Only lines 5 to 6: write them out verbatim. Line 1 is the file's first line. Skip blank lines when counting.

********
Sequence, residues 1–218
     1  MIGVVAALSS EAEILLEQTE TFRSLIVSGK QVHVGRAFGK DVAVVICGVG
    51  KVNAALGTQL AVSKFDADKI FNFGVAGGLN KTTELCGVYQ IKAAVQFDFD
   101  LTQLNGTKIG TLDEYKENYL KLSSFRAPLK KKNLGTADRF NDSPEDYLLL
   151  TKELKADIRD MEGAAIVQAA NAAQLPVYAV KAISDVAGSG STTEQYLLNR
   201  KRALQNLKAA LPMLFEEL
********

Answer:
   151  TKELKADIRD MEGAAIVQAA NAAQLPVYAV KAISDVAGSG STTEQYLLNR
   201  KRALQNLKAA LPMLFEEL